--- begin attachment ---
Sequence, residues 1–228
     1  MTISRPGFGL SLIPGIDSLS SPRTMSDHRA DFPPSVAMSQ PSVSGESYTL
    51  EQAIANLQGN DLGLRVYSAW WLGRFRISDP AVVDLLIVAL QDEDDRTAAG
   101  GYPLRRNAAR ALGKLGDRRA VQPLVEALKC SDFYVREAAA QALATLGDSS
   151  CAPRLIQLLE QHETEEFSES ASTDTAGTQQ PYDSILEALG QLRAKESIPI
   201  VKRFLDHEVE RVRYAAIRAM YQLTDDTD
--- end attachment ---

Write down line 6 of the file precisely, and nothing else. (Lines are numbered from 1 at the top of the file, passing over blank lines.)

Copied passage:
   201  VKRFLDHEVE RVRYAAIRAM YQLTDDTD